A document from ScanEye, which runs BitTorrent monitoring services to help combat piracy, includes a list of pirated movies and TV files that have been downloaded via IP addresses associated with the U.S. House of Representatives.
What did these fine folks steal in October and early November?
A lot of TV, including DeGrassi – The Next Generation, Treme, Glee, CSI, Dexter, Are We There Yet – The Thanksgiving Episode, Boardwalk Empire and, perhaps most fittingly, The Walking Dead and two episodes of Pretty Little Liars – The Lying Game and A Kiss Before Lying.
Among the movies to get the Congressional seal of illegal approval: Iron Sky, Life of Pi, Dark Knight Rises, Captain America, Flight, Tron: The Revolution, Chronicles of Riddick, Untitled International Thriller (one of my favorites), and just in time for Christmas: Bad Santa2 which hasn’t been released yet.
Moving on, the best story this week not involving Manti T’eo (everyone who believes he was a “victim” of a hoax raise your hands) is …
A security audit revealed a star developer had outsourced his own job to a Chinese subcontractor for a fraction of what he was getting paid AND had also taken jobs with other firms and had outsourced that work too, netting him hundreds of thousands of dollars in profit.
Verizon investigators checked the computer habits of an employee of a client (code named "Bob"), and discovered he had hired a software consultancy in Shenyang to do his programming for him. Bob overnighted them his two-factor authentication token so they could log into his account, and he paid them a fifth of his six-figure salary to do the work.
"The analysis of his workstation found hundreds of PDF invoices from the Chinese contractors and determined that Bob's typical work day consisted of:
9:00 a.m. – Arrive and surf Reddit for a couple of hours. Watch cat videos
11:30 a.m. – Take lunch
1:00 p.m. – Ebay time
2:00-ish p.m – Facebook updates, LinkedIn
4:30 p.m. – End-of-day update e-mail to management
5:00 p.m. – Go home
The scheme worked very well for Bob. In his performance assessments by the firm's human resources department, he was the firm's top coder for many quarters and was considered expert in C, C++, Perl, Java, Ruby, PHP, and Python."
If he'd been the CEO he would have gotten a million dollar bonus.
Also in the week's IT security news:
- (SlashDot) -- Researchers at RSA say that a new phishing toolkit allows attackers to put a velvet rope around scam web pages – bouncing all but the intended victims. The new toolkit, dubbed 'Bouncer,' was discovered in an analysis of attacks on financial institutions in South Africa, Australia and Malaysia in recent weeks. It allows attackers to generate a unique ID for each intended victim, then embed that in a URL that is sent to the victim. Outsiders attempting to access the phishing page are redirected to a '404 page not found' error message.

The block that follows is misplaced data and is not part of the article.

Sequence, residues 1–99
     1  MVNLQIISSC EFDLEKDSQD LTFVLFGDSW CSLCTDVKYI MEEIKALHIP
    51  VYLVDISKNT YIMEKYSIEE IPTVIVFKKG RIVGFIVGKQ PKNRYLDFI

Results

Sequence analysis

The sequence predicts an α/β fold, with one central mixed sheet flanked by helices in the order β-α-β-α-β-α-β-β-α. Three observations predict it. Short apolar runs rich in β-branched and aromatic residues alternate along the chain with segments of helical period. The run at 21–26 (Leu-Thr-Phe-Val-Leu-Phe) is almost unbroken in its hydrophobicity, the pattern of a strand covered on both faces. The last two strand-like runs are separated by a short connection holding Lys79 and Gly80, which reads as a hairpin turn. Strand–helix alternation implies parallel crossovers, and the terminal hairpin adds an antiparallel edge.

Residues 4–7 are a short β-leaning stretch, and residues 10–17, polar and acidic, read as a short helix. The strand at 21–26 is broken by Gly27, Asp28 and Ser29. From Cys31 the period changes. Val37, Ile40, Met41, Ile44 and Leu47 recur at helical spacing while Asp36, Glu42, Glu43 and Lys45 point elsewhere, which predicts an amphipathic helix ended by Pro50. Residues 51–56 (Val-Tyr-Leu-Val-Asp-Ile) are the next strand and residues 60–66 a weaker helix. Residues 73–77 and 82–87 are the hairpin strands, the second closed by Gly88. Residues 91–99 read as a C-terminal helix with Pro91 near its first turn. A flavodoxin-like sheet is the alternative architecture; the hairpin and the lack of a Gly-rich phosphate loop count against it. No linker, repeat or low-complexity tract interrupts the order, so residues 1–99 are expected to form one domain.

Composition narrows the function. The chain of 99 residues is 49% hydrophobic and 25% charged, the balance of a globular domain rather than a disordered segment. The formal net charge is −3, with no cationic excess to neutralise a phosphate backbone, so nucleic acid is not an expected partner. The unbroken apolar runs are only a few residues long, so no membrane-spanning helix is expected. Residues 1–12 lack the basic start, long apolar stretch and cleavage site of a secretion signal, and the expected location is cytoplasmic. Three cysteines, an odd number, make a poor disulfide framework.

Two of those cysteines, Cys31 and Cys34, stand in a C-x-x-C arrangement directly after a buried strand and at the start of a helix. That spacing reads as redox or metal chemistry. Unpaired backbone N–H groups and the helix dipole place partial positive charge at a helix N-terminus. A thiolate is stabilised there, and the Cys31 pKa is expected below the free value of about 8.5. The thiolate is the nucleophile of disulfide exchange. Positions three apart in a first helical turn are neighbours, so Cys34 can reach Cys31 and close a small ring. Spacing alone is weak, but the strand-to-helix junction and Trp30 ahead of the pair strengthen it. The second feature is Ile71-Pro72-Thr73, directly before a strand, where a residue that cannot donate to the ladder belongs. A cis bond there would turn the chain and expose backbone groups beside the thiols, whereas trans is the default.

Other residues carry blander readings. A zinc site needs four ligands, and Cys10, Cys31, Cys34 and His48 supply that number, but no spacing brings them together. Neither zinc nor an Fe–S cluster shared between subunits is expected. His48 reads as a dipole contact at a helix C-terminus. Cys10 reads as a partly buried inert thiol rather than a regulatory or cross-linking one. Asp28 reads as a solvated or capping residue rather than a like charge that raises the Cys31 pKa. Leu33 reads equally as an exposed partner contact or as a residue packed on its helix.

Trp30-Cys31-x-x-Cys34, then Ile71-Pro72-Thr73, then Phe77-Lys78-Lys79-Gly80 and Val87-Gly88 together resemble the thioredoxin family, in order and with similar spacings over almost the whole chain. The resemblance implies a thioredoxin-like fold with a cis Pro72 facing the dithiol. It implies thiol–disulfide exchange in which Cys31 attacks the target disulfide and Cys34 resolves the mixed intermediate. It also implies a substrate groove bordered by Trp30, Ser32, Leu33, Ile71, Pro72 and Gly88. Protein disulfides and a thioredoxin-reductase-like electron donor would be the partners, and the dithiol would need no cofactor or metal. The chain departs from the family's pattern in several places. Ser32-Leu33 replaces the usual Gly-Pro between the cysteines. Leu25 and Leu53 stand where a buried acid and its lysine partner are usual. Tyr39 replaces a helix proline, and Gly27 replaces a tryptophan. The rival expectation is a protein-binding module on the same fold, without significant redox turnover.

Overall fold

- (KrebsonSecurity) -- Less than 24 hours after Oracle patched a dangerous security hole in its Java software that was being used to seize control over Windows PCs, miscreants in the Underweb were already selling an exploit for a different and apparently still-unpatched zero-day vulnerability in Java, KrebsOnSecurity has learned. On Sunday, Oracle rushed out a fix for a critical bug in Java that had been folded into exploit kits, crimeware made to automate the exploitation of computers via Web browser vulnerabilities. On Monday, an administrator of an exclusive cybercrime forum posted a message saying he was selling a new Java 0day to a lucky two buyers. The cost: starting at $5,000 each.
- (CSO) -- The hundreds of government, military and research organizations targeted in a large-scale cyberespionage operation dubbed Red October were not only attacked using malicious Excel and Word documents as previously believed, but also by using Web-based Java exploits, according to researchers from Israeli IT security firm Seculert.
- (CSO) -- The warnings of possible catastrophic cyberattacks on critical infrastructure in the U.S. have been issued for more than a decade. They were frequent and insistent in 2012, from high-ranking government officials and others. Outgoing U.S. Secretary of Defense Leon Panetta warned in a speech in New York last October that cyberattacks by a hostile nation-state on critical infrastructure like transportation, water supply or the electric grid could amount to a "cyber Pearl Harbor." He also said the U.S. was at "a pre-9/11 moment." But the Department of Homeland Security (DHS) says that despite those warnings, the peril remains -- thousands of domestic industrial control systems (ICS) remain vulnerable.